Sampling of stories & clips that reveal the ethical decisions journalists face

Correspondent Lara Logan of "60 Minutes" is on a leave of absence following an internal review by CBS News of her story on the Benghazi embassy attack. (AP Photo/Robert Spencer)

CBS memos suggest Logan had bias, but don’t say why no one addressed it

The CBS memos from Jeff Fager, chairman of CBS News, and Al Ortiz, executive director of standards and practices, suggest that correspondent Lara Logan had a preconceived bias that prevented her from fully vetting her source before airing his story … Read more


Tuesday, Nov. 08, 2011

Sharon Bialek, a Chicago-area woman, addresses a news conference at the Friars Club, Monday, Nov. 7, 2011, in New York. Bialek accused Republican presidential contender Herman Cain of making an unwanted sexual advance against her in 1997. She says she wants to provide "a face and a voice" to support other accusers who have so far remained anonymous. (AP Photo/Richard Drew)

Why did journalists act as a pack in withholding names of Herman Cain’s accusers?

Until today, media covering allegations of sexual harassment leveled against Republican presidential candidate Herman Cain have universally withheld the identities of the women, who did not voluntarily come forward.

Then today, The Daily, Rupert Murdoch’s iPad publication, revealed the identity Read more


Thursday, Feb. 23, 2006

A New Ethics Column from Poynter

Hello Everybody,

We’d like to alert you to a new blog – Everyday Ethics — by Poynter’s Kelly McBride and colleagues. The column includes reports on ethical decision-making in newsrooms big and small, and will provide shorter, more frequently updated … Read more


Wednesday, Nov. 09, 2005

Covering the End of Life: Tips & Resources

The living will is a nice idea that isn’t working, says a report by the Hastings Center expected to be released Thursday afternoon. This news comes after thousands of people created such documents in order to avoid the fate of Terri Schiavo, … Read more


Monday, Aug. 01, 2005

DeFede and Beyond: Second Chance Ethics

Sometimes I feel journalists work in a
reform-minded, ethical environment that seems as efficient at dealing
with ethical lapses as the French state was with political lapses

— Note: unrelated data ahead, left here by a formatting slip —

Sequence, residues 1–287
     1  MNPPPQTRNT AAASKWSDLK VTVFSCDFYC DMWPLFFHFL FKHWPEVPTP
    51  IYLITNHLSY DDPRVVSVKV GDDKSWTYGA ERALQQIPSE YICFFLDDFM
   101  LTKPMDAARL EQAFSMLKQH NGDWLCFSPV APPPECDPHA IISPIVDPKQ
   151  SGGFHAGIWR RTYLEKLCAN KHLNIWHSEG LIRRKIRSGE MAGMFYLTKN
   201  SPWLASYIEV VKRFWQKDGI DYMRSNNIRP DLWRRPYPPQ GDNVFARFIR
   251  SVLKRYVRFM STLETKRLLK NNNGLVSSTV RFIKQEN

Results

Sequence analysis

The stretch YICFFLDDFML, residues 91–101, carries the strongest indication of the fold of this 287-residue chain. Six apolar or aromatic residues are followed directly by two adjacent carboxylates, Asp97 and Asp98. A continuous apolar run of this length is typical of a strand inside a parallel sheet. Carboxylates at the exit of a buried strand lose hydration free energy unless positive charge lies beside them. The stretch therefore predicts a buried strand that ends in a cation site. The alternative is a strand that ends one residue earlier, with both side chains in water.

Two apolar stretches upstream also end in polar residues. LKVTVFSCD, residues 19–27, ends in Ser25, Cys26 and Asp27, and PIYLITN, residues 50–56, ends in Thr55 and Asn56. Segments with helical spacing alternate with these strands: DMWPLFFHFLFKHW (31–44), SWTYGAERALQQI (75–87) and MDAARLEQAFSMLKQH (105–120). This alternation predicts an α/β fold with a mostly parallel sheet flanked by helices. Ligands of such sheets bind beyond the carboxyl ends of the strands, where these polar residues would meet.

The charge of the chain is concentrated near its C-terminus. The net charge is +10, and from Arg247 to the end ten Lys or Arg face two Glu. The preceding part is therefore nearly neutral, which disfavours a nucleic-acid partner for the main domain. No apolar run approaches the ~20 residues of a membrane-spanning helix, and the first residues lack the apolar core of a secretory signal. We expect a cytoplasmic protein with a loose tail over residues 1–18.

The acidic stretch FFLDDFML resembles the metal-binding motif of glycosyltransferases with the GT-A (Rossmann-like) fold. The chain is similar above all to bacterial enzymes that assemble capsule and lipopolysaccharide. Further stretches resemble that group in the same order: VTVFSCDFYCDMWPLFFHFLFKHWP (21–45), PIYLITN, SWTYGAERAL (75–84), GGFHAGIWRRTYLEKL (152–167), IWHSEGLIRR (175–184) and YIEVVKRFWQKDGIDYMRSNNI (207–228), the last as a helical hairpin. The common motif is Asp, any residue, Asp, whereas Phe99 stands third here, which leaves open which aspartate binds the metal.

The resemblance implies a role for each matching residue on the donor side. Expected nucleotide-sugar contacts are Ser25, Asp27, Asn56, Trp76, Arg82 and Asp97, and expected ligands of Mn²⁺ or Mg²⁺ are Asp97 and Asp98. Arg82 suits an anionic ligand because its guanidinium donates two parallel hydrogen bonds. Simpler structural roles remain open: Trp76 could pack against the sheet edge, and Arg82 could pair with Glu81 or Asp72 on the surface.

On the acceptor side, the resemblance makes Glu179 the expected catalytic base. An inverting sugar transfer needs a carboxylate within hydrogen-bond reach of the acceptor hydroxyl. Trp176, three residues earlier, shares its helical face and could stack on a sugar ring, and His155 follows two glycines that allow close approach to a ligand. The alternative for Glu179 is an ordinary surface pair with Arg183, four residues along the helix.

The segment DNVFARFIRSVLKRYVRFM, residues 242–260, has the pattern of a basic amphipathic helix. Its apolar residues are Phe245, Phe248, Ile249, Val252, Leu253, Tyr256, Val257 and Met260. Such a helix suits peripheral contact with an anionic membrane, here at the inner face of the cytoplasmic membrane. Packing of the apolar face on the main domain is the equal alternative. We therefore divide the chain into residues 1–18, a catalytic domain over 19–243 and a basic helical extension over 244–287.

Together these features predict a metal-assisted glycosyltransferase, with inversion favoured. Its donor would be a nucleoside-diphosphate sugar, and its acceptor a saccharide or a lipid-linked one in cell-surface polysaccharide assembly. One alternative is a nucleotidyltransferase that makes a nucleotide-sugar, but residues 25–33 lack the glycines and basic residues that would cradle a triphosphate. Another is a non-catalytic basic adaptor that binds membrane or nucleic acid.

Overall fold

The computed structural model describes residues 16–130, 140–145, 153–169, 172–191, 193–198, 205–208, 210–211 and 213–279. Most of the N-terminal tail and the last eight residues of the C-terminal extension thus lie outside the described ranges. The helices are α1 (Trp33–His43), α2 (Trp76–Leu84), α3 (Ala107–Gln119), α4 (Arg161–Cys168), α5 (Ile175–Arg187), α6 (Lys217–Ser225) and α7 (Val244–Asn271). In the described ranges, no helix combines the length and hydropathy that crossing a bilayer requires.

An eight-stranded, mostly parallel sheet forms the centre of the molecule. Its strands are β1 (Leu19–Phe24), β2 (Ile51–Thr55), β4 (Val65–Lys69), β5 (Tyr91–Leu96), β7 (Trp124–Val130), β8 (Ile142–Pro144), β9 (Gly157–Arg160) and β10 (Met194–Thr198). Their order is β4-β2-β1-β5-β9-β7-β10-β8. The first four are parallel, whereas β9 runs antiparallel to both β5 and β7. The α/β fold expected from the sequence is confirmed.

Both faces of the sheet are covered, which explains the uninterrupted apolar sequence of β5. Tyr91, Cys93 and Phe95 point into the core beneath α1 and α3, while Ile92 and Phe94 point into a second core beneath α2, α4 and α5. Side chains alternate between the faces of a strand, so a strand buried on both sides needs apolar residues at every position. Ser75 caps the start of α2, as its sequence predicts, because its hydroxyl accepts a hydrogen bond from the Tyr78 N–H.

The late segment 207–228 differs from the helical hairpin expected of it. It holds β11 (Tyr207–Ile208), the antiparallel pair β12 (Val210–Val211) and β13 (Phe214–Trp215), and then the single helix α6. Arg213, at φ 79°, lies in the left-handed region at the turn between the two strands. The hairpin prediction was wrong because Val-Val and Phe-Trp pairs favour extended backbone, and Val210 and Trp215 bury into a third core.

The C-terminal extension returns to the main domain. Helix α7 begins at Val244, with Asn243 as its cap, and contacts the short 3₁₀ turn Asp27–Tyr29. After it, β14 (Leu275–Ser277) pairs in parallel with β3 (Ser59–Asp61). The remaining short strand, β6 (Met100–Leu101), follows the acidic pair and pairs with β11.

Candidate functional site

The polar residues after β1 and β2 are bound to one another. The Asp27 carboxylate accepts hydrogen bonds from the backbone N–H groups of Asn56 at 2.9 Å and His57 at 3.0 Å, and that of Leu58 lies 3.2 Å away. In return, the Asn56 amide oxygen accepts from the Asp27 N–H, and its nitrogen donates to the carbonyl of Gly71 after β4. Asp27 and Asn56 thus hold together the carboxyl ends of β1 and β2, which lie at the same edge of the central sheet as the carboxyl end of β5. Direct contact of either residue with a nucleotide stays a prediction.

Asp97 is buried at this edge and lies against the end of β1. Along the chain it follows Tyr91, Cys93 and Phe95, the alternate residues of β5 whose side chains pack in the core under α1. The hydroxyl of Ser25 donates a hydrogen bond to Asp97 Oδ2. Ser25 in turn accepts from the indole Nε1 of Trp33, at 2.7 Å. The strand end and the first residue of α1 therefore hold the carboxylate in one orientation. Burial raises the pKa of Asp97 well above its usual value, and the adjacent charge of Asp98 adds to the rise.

during its 18th century revolution. In both cases,
transgressors faced immediate consequences. … Read more


Wednesday, Mar. 23, 2005

Schiavo Case a Chance for Journalists to Lead

The national debate over the fate of Terri Schiavo lays bare the ways we in America talk about our most important values. It is a cautionary tale for journalists faced with the challenge of framing issues fueled by fiercely held … Read more


Friday, Mar. 04, 2005

On the Dangers of Holding Back

The arrest of a suspect in the BTK serial murder case in Wichita, Kan., is shining a light on a common police beat practice – holding back.

In the 1970s, Cathy Henkel was a staff writer at the Wichita Sun, … Read more


Thursday, Jan. 20, 2005

The Reporting Process Unveiled (Warning, It’s Not Pretty)


The CBS report released almost two weeks ago pulls apart the reporting process and reveals the many faults of the “60 Minutes Wednesday” investigation. It provides a rare and detailed look at the path this particular investigation took … Read more


Friday, Jan. 07, 2005

Covering Trauma & Tragedy: What it Takes

Dr. Frank Ochberg remembers the first time he cut into a live human being. He was doing his surgical rotation as a medical student decades ago. He held the scalpel as his teacher placed a hand on top of his. … Read more


Friday, Dec. 17, 2004

Journalists: More Ethical than People Realize?

The American public thinks journalists are ethically challenged, according to a Gallup Poll. Yet another study shows journalists have highly developed abilities when it comes to moral reasoning. What gives?

First the studies. The American public doesn’t trust reporters. This … Read more